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Mentioned in this Article:
Ross Ellis

Ross Ellis
East Side Office

Jill Sloane

Jill Sloane
West Side Office

Real Estate Weekly

Big Hearted Brokers Bring Home Bacon

By Maggie Hawryluk

The thoughts that come to mind when you consider Manhattan residential real estate- don’t exactly connote charity and giving, but a group of professionals are throwing those stereotypes to the curb.

Rather than enjoying the spoils of the residential industry all for themselves, brokers, developers and owners are spreading some cheer to those in need.

Though she admits to wishing she could be dreaming about the next vacation she can take with the commission from an upcoming sale, Halstead broker, Ross Ellis, can’t stop thinking about the number of brochures she can print for Love our Children USA.

“I donate a very high percentage,” she said, reluctant to reveal the actual amount. “I go without more than the charity does.”

Ross is the founder and Chief Executive officer of the charity whose mission is to break the cycle of violence against children. She created the charity nine years ago and works diligently to educate parents and children about topics ranging from cyber safety to bullying.

Love the Children has grown to not only receive tremendous local support, but also recognition on a regional and national level. The charity has several celebrity supporters and was recently voted one of 25 charities Who Make Our Home a Better Place to Live and one of 21 regional charity winners Who Make The World a Better Place.

Another organization that is near and dear to Eliis’ heart, is Brokers Build, an organization of real estate professionals dedicated to raising money for Habitat for Humanity – New York City. The brokers will help build an affordable housing complex in Brooklyn – Habitat-NYC’s largest project to date that will include three, four story buildings with 41 homes.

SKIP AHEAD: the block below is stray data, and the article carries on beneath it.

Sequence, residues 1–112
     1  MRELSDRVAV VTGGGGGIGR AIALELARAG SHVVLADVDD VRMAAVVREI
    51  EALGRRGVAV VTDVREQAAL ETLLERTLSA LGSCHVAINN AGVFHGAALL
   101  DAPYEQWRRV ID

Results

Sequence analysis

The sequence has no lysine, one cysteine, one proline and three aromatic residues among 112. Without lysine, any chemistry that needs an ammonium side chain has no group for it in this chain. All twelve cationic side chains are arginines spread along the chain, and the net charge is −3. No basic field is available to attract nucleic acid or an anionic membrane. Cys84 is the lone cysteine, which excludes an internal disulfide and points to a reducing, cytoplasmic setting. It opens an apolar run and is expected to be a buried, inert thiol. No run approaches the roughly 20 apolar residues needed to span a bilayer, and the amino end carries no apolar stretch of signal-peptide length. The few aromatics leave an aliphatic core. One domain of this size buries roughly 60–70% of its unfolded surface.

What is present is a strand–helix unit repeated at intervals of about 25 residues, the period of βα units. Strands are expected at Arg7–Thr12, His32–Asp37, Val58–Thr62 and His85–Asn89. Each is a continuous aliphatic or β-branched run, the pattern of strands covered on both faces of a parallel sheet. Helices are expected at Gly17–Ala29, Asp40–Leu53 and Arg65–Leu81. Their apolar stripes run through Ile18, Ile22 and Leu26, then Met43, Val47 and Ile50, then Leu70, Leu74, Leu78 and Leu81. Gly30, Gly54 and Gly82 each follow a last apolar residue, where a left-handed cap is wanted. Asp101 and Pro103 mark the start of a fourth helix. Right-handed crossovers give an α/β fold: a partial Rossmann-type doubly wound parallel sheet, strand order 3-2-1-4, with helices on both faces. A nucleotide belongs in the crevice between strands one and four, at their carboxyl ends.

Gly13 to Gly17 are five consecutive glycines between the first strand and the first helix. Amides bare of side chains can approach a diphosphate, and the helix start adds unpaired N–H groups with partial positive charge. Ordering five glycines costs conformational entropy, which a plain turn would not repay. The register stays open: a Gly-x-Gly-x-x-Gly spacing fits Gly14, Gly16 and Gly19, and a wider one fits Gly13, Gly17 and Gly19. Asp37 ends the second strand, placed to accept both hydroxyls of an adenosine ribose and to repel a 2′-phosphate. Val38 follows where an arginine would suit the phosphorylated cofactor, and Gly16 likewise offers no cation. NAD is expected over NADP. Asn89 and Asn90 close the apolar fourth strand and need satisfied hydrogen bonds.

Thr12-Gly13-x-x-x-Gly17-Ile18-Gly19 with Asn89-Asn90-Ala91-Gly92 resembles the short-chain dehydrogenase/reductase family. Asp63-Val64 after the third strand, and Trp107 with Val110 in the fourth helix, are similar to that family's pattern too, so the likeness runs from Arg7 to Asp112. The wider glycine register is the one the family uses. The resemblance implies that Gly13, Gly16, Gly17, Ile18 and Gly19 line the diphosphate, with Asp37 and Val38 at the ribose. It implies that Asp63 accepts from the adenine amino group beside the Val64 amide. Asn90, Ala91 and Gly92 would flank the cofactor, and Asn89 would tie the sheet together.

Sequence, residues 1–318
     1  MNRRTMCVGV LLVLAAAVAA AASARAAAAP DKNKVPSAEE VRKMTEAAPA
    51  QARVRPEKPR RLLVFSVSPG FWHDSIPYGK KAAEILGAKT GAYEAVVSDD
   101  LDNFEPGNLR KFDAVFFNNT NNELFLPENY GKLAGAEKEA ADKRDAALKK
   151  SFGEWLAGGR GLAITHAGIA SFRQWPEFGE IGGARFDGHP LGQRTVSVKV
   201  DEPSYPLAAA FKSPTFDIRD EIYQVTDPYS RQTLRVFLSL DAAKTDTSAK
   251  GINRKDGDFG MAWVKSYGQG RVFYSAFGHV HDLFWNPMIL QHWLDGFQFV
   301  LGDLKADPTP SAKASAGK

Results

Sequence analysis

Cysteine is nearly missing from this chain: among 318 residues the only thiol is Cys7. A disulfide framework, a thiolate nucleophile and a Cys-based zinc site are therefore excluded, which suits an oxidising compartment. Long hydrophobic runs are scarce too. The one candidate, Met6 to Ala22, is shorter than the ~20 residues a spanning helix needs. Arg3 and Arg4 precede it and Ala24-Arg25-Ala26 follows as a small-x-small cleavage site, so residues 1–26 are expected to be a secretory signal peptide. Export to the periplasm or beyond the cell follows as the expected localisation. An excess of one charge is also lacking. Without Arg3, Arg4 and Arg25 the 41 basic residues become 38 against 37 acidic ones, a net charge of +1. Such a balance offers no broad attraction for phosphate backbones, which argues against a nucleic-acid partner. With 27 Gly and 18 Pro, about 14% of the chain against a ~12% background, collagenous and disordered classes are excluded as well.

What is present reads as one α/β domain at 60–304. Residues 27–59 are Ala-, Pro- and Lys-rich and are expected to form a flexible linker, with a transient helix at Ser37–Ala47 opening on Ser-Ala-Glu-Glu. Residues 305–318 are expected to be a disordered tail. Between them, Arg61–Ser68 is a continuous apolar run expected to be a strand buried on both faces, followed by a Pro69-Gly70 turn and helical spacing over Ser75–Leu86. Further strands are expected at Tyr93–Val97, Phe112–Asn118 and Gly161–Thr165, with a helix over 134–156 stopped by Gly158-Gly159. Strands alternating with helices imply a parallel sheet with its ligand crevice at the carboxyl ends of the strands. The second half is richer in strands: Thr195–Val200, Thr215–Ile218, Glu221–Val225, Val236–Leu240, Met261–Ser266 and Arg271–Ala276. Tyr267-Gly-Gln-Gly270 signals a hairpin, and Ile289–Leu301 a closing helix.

“Brokers Build is an extension in a way because you want everyone to have a safe home, especially if they’re with children,” Ellis said. She joked that though she loves what the charity stands for by building homes for those in need, she doesn’t see herself actually hammering a home together.

Brian Lewis, senior vice president at Halstead Property, was among a team of brokers hammering, literally and figuratively, away at problems in affordable housing.

“We’re literally working locally for a global challenge,” said Lewis, who is a member of the advisory board of Brokers Build. “Particularly in a time when people think brokers are getting huge commissions, we’re actually a very generous lot.”

In addition to soliciting donations – the group’s goal is to raise $1 million for Habitat for Humanity – NYC, he is putting a “moratorium on closing gifts,” which usually consist of high end items.

“In lieu of a closing gift, I’m sending donations to Brokers Build in the person’s name,” Lewis said. “I’m going to do that with holiday gifts also. We get a lot of things and the people who get the most often have the most.”